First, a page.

Grand Wash (Note the hikers for scale)
Our stroll through Grand Wash was the last of our Capitol Reef National Park hikes. It was an easy walk, but the scale of the canyon was awe-inspiring. Grand Wash is only one of three canyons penetrating the Waterpocket Fold and, though it is almost flat, it was never used for transportation like the Fremont River canyon or the Capitol Gorge canyon because (1) it becomes too narrow in places, and (2) the mouth of the Grand Wash canyon disgorges into the Fremont River canyon, so why not just use the Fremont River canyon in the first place.
Midway through the hike, at the Narrows, I suggested to my wife that she walk on to the mouth of Grand Wash and I would forego exploring the rest of the canyon, retrace my steps, get the car, and pick her up a the junction of the Grand Wash and the Fremont River canyon on UT 24. She agreed. As it turned out, we could probably have both completed the trail and retraced our steps since she arrived at the mouth of the canyon long before I did to pick her up.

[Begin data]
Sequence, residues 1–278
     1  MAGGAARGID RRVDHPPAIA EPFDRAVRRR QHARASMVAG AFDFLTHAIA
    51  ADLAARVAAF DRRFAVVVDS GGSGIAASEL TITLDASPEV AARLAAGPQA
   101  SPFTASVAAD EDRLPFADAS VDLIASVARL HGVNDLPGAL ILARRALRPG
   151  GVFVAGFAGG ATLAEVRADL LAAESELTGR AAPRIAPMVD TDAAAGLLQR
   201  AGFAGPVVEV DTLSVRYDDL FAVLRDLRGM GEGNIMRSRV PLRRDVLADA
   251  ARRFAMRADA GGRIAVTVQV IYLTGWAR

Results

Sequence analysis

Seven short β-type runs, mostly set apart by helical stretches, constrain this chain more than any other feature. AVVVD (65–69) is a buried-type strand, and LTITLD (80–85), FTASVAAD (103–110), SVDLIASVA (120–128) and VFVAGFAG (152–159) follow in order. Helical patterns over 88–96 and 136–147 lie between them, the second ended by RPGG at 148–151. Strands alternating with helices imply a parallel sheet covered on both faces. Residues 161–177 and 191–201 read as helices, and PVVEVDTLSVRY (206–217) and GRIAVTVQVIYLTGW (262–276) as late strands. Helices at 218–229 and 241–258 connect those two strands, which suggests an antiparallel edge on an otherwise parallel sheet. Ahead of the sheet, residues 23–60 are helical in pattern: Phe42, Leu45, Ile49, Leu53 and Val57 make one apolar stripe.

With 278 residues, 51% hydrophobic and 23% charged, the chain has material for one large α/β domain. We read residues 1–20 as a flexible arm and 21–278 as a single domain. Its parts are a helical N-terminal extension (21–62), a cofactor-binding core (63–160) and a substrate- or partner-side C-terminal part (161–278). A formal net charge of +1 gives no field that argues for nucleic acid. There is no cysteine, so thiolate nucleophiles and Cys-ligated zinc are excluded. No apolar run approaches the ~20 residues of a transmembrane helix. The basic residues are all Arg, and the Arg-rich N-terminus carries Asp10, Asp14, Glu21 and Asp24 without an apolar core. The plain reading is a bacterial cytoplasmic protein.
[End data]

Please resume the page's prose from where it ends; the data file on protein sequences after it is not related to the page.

The Fremont River and domes opposite the mouth of the Grand Wash where I picked up my hiking partner.
Trying to maintain her stance and her hat in the gale-force wind, my wife stood stride the Velvet Cliffs Trail.
After we left the park, we had a few hours before dinner and decided to check out a trail along a cliff edge on BLM lands west of the town of Torrey, UT. The escarpment is known locally as the Velvet Cliffs. The trail is actually a sanctioned ATV/mountain biking/equestrian/hiking trail, so it's not in great condition. Nevertheless, we ascended the trail to the cliff top and walked for a short distance along the trail. We probably would have gone longer, but it was incredibly windy--so windy that it was difficult to stand. In addition, it was cold, and we weren't dressed for the weather.